In some cases, fertile couples with genetic family history attend clinics in order to avoid passing the disease down to their offspring. Such a situation requires performing preimplantation genetic diagnosis (PGD). This analysis, usually carried out at day 3 or 5 of embryo development, identifies embryos affected with the genetic disorder (11). Before being transferred, embryos are cultured for 3, 5 or 6 days (depending on a variety of factors and upon the embryologist´s own criterion). Based on PGD results, only healthy embryos will be selected for transfer into the womb. The number of embryos to be transferred is determined by specific regulations in each country, being just one the ideal situation, whereas spare embryos are derived for cryopreservation. Once all the above is done, the extensive work of the embryologist normally gets to an end.

It is important to highlight that every single procedure is carried out in the laboratory under strict hygienic and sterile conditions. Also, the use of any perfume, deodorant and alike is completely forbidden just to prevent potential volatile organic compounds (VOS) from affecting developing embryos. In the laboratory, the use of caps, masks and the appropriate scrubs is mandatory for embryologists, and embryos are quickly placed in incubators that mimic the natural environment of the uterus (12). As for the timelines, embryologists work in shifts with the purpose of being available twenty-four hours a day, seven days a week. Assisted reproduction treatments must follow a strict timeline given the fact that procedures must be done at an exact time point in order to guarantee their success until transfer day. As a consequence, the work of embryologists is intense and often requires long-hour shifts.


Embryologists are extensively-trained professionals with wide experience in assisted reproduction technologies (ART)(1). To increase their knowledge and technical skills to perform ART-related procedures, they are continually trained in new methodologies and go through continuous education in the field of embryology (2). These highly-qualified professionals are in charge of the routine maintenance of the laboratory and equipment, sperm handling and processing for IUI, IVF and ICSI, cryopreservation of biological material, tissue sampling for biopsies for genetic analyses and PGD, or even embryo culture, among other tasks (2). These also include a strict and exhaustive record of the procedures for safety purposes. It is actually on the embryologists how to evaluate gametes and embryos, and to choose which ones are the most appropriate to be used and which should be kept in case future use is needed.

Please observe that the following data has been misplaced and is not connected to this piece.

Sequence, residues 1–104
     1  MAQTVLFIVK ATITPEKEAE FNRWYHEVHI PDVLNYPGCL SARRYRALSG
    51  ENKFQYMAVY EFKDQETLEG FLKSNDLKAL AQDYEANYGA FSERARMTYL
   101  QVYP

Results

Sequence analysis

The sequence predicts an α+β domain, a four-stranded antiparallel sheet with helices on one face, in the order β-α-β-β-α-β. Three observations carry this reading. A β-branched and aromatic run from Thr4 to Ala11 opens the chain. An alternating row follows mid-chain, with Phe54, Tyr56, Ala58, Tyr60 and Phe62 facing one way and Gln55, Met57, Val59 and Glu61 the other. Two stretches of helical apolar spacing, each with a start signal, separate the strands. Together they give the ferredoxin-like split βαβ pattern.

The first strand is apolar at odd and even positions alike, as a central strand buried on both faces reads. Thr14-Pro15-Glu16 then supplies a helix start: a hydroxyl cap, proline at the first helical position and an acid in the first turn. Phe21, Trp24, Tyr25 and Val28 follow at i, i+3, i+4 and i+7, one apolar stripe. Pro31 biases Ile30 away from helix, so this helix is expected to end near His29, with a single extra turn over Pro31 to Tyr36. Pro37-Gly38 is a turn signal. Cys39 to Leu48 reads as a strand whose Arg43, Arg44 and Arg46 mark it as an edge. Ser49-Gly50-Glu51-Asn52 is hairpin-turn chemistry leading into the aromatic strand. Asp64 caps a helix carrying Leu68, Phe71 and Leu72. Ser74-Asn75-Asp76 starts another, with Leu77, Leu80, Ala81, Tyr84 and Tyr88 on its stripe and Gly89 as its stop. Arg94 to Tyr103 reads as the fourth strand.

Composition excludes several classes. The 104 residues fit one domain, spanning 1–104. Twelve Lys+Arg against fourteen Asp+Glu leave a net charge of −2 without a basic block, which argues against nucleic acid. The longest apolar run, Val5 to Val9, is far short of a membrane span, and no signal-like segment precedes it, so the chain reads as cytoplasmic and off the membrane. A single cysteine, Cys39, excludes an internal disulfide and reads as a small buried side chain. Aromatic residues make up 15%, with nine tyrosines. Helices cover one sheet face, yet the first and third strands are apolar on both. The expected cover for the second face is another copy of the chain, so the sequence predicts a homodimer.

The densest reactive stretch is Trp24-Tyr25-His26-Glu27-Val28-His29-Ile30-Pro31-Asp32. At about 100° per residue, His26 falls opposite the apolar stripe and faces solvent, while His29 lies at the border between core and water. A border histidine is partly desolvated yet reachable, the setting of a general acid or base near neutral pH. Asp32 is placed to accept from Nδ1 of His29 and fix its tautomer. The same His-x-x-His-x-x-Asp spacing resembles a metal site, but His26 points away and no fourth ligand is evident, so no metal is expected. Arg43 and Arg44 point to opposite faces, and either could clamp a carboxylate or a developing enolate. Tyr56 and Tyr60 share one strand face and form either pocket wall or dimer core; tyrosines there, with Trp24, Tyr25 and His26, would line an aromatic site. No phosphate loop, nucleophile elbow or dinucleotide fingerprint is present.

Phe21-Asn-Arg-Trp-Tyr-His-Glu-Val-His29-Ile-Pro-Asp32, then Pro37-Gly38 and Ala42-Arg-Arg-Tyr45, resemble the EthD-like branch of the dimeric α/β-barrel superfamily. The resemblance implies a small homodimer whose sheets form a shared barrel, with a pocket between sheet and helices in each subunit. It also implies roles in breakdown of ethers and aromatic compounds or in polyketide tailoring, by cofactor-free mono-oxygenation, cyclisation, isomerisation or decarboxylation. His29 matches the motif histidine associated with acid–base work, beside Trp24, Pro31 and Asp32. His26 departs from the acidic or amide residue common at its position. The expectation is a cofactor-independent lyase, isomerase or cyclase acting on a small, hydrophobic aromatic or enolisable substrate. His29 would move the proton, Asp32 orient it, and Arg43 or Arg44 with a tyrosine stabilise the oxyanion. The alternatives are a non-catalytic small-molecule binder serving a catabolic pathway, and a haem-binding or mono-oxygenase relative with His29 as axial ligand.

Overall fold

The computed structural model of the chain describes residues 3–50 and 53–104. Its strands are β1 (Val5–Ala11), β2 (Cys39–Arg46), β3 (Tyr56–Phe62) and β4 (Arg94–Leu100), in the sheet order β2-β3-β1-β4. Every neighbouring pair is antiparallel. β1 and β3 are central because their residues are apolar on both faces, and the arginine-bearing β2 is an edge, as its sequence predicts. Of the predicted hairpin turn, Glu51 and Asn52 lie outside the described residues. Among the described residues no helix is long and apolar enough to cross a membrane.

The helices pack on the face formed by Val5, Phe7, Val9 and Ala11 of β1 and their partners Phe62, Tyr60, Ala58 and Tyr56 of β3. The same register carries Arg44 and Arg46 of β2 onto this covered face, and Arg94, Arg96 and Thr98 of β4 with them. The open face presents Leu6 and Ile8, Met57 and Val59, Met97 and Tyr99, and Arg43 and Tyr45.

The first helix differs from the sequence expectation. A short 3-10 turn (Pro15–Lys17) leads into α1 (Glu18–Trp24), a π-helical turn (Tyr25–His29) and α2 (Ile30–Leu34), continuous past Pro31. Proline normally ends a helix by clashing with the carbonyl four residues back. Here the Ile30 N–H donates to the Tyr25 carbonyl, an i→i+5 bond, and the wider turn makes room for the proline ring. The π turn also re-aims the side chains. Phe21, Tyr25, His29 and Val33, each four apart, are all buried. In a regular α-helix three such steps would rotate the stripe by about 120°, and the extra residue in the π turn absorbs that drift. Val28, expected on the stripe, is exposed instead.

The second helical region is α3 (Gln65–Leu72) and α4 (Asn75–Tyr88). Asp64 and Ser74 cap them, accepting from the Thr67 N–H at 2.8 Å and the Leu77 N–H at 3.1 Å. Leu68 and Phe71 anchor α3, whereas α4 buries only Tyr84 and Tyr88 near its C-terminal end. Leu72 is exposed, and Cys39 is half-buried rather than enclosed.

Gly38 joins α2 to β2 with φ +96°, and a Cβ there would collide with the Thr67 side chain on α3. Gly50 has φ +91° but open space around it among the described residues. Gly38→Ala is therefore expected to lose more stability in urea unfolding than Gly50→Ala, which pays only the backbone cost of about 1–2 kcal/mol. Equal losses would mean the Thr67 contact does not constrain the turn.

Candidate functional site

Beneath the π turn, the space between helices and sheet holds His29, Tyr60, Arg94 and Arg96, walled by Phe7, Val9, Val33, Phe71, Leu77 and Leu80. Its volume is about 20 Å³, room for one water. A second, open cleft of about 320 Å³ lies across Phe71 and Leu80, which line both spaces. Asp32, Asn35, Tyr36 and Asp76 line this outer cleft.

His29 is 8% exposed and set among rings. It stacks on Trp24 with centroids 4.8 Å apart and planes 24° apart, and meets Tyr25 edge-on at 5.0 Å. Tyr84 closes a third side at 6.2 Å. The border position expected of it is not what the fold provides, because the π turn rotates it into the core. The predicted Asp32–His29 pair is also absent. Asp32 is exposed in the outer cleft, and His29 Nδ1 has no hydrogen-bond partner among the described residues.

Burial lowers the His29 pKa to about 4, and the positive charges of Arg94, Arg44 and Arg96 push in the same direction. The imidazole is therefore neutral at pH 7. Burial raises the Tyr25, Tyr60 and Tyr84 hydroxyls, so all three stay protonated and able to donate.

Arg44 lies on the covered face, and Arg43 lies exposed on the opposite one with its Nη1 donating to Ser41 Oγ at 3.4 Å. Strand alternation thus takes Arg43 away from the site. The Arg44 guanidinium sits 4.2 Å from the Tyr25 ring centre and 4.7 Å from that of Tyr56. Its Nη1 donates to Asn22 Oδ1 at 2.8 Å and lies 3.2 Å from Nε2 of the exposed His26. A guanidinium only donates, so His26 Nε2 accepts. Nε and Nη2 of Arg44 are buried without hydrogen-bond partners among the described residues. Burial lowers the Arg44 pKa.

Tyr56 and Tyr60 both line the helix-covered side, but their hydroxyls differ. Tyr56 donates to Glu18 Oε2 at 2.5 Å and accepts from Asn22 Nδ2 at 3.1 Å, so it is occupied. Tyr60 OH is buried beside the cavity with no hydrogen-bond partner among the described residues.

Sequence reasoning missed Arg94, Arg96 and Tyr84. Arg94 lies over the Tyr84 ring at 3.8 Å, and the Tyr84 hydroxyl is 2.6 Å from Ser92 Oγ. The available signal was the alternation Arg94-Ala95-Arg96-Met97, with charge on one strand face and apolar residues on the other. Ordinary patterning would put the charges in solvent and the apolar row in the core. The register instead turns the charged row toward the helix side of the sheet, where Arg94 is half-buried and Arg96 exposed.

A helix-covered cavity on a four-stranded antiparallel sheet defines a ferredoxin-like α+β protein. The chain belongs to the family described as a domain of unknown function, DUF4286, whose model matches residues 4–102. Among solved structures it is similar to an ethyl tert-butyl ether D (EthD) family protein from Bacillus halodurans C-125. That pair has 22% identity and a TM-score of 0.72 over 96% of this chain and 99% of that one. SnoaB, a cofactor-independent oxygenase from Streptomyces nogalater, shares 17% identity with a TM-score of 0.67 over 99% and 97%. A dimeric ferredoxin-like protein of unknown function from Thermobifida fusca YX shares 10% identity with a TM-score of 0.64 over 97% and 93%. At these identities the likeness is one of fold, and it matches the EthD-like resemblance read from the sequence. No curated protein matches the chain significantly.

It is without question that embryologists work tirelessly to help families achieve their dream of bringing a healthy baby home.


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  11. Beyer CE, Willats E. Natural selection between day 3 and day 5/6 PGD embryos in couples with reciprocal or Robertsonian translocations. J Assist Reprod Genet. 2017;34(11):1483-92.